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  • Supervisors adopt tentative FY21 budget; would cut tax rate, spend $55M on road repairs

    May 19, 2020 | Read More News
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    The Pima County Board of Supervisors May 19 adopted the Fiscal Year 2021 tentative budget, which if approved in June will lower the county’s overall property tax rate by 4.5 percent, fix 170 miles of roads and provide over $165 million in capital improvement stimulus to the County’s COVID-19-ravaged economy. 

    Tuesday’s vote set the spending ceiling on the proposed budget. Supervisors can still change funding amounts for different programs and departments as long as they don’t increase the spending limit set May 19. The Board is scheduled to vote on final budget adoption June 23. The fiscal year begins July 1. 

    The proposed $1.42 billion budget is higher than the current $1.31 billion budget, but the proposed budget includes more than $65 million in federal CARES Act stimulus funds to help the county pay for the costs of the SARS-CoV-2 pandemic. The CARES grant can only be used for unbudgeted costs related to the pandemic and cannot be used to backfill the revenue hole in the County budget caused by the COVID-19 economic disruption. 

    Just like the local economy, the effects of the pandemic severely disrupted the County budget, reducing expected revenue by roughly $60 million, a budget hit that was compounded by an increase in state-imposed budget transfers of about $10 million. County Administrator Chuck Huckelberry proposes paying for the $70 million budget shortfall by suspending $15 million in intended facilities maintenance, cutting personnel expenses by 3 percent, slashing travel and training spending, reducing overtime and cutting department expenses countywide by 5 percent. 

    The pandemic also threatens continuation of the County’s PAYGO program to fund road repairs and capital infrastructure improvements throughout the County by using reductions in debt service tax rates and increases in net assessed property values to offset the costs of PAYGO. 

    Because the effect of the pandemic is expected to be temporary, the County Administrator is recommending suspending the PAYGO plan for next fiscal year and the Board instead use short-term Certificates of Participation at near-zero interest rates to continue with PAYGO infrastructure funding and road repairs. 

    Huckelberry especially didn’t want to lose ground on road repairs, funding for which has been a challenge for nearly two decades. The County in 2019 finally solved the transportation funding puzzle with PAYGO, or Pay-As-You-Go, which would augment state shared revenues with money from the General Fund. For FY21, the County is proposing spending $55 million for road repairs, which will pay for about 125 miles of local roads and about 50 miles of collector and arterials. For the local roads, the worst roads according to the County’s rating system will be fixed first.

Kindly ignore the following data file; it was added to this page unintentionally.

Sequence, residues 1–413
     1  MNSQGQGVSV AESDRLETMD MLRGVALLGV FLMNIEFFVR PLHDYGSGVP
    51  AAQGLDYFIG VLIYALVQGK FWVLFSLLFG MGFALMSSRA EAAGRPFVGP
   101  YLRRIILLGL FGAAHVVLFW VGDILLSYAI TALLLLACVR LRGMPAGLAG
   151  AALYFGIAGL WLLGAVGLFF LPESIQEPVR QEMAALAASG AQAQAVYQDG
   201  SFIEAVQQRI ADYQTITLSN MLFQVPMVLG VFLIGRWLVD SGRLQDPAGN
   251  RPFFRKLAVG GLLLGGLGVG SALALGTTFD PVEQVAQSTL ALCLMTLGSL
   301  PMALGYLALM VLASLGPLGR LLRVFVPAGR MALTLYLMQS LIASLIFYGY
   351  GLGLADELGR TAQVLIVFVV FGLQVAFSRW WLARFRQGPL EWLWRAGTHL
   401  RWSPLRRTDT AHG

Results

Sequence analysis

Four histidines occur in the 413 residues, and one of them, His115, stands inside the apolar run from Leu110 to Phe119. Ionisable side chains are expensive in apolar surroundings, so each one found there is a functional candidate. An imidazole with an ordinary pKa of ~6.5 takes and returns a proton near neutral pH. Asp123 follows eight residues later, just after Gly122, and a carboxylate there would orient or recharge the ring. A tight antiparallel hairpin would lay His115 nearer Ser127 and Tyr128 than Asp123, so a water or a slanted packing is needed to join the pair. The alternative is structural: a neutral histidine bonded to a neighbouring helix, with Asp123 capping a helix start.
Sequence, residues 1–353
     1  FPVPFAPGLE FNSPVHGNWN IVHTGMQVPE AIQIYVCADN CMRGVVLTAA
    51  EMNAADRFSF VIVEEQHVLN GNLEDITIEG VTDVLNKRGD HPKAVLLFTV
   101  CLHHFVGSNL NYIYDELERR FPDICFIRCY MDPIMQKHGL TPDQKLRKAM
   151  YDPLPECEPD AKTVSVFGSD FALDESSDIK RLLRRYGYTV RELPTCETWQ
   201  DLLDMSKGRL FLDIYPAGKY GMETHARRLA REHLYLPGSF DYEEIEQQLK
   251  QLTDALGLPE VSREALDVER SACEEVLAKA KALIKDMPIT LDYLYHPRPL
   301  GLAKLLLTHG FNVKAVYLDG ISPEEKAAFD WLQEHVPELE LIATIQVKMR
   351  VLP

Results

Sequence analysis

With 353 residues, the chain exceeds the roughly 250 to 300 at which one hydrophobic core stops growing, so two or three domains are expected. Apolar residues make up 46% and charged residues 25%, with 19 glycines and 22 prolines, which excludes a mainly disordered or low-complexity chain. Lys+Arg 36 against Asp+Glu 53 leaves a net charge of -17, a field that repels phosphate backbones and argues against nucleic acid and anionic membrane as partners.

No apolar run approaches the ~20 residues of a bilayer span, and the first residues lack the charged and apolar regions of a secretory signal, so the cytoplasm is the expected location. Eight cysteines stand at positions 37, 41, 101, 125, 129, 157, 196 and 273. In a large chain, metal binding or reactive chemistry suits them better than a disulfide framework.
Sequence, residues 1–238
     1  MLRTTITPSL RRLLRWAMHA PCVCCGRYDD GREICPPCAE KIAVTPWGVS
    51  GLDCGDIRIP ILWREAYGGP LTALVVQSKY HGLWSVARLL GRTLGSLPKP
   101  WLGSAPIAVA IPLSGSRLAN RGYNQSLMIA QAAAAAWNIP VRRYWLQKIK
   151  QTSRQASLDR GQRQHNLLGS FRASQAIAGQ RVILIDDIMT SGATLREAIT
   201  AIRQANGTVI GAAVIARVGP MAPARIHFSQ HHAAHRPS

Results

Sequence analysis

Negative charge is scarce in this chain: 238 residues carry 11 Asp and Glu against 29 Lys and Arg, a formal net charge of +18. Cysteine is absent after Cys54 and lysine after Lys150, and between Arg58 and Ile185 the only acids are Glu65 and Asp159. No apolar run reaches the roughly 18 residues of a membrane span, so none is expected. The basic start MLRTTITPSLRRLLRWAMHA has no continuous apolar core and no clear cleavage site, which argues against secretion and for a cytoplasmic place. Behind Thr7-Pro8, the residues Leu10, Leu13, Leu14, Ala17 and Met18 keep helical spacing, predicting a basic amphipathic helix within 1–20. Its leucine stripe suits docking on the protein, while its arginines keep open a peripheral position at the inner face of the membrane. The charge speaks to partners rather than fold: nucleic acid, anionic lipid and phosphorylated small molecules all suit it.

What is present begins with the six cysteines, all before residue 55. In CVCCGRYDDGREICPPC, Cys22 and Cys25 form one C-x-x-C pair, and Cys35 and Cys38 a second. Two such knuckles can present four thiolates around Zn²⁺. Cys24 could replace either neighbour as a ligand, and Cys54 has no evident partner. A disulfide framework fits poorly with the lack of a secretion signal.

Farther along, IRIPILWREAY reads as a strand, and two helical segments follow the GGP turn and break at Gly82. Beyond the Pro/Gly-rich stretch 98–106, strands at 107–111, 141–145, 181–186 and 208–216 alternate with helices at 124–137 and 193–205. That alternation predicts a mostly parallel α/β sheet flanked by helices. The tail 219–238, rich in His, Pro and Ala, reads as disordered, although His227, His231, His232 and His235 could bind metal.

The tentative budget includes $165 million in capital project funding that will assist the local economy by funding jobs in the construction industry. Among the hundreds of projects to be funded are: 
    • Construction of the Northwest Service Center on Miracle Mile, which will combine in one location several County services in the Northwest Tucson area and save the County money in the long run by eliminating rent payments; 
    • New libraries in Vail and Sahuarita areas; 
    • Extension of Valencia Road from Houghton Road to Old Spanish Trail; 
    • Air Unit equipment for the Sheriff's Department; 
    • And continued renovation and reconstruction of the Historic Courthouse, which will be completed in early 2021 when the University of Arizona’s Gem and Mineral Museum will open, adding to the economic vitality of downtown Tucson. 
    The tentative budget would accomplish these benefits while significantly reducing the county’s overall tax rate. There are two components to a property tax bill – the assessed value, which is set by the elected County Assessor, and the tax rate, which is set by the Board of Supervisors. The rate is applied to the value by a calculation of $100 of net assessed value. There also are several separate rates the Board sets that determine the overall rate. They are the primary rate, which funds the majority of the General Fund, the Library District, the Flood Control District, and Debt Service on bond funds previously approved by voters. 

    For FY21, the tentative budget approved by the Board May 19 reduces the combined County property tax rate by nearly 25 cents to $5.3108 per $100 of assessed value. The primary rate would be reduced from $3.9996 to $3.9220, a 2 percent decrease. The Debt Service rate would be reduced from 69 cents to 52 cents, a 25 percent reduction. The rates for the Library, 53.53 cents, and Flood Control, 33.35 cents, would not change. 

    For a median assessed value home of $154,000, if there were no increase in the home’s assessed value, the combined county tax rates as proposed would result in about a $38 decrease in the tax bill. That amount would change depending on the new assessed value of the home for the FY21 budget year. 

    The Board also approved the budget limits for the Stadium District, which funds the Kino Sports Complex, and for several dozen facility and improvement districts.